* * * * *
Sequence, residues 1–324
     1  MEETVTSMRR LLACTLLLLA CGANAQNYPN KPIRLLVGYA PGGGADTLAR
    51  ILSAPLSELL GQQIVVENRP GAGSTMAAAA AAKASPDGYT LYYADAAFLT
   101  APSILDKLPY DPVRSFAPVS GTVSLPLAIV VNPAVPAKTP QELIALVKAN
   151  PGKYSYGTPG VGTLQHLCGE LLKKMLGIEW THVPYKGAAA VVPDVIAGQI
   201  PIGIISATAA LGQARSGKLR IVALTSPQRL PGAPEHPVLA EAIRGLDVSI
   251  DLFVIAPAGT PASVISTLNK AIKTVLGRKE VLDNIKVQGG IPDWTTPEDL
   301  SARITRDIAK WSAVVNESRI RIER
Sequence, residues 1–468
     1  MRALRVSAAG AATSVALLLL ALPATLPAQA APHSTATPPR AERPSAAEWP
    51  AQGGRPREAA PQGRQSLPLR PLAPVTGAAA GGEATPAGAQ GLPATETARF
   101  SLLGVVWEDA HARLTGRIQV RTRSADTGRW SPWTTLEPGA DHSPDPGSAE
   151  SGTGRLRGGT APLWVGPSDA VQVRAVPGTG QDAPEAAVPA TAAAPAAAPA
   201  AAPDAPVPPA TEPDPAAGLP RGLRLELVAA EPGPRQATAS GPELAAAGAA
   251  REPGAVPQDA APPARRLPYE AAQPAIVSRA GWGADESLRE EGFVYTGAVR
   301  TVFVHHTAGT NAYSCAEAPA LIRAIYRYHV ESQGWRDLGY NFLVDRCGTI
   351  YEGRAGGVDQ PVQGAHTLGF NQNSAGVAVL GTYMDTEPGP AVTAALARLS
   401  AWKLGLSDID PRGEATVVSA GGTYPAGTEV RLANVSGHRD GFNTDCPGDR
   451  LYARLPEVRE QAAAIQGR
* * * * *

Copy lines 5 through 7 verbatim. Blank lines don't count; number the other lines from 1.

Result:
   151  PGKYSYGTPG VGTLQHLCGE LLKKMLGIEW THVPYKGAAA VVPDVIAGQI
   201  PIGIISATAA LGQARSGKLR IVALTSPQRL PGAPEHPVLA EAIRGLDVSI
   251  DLFVIAPAGT PASVISTLNK AIKTVLGRKE VLDNIKVQGG IPDWTTPEDL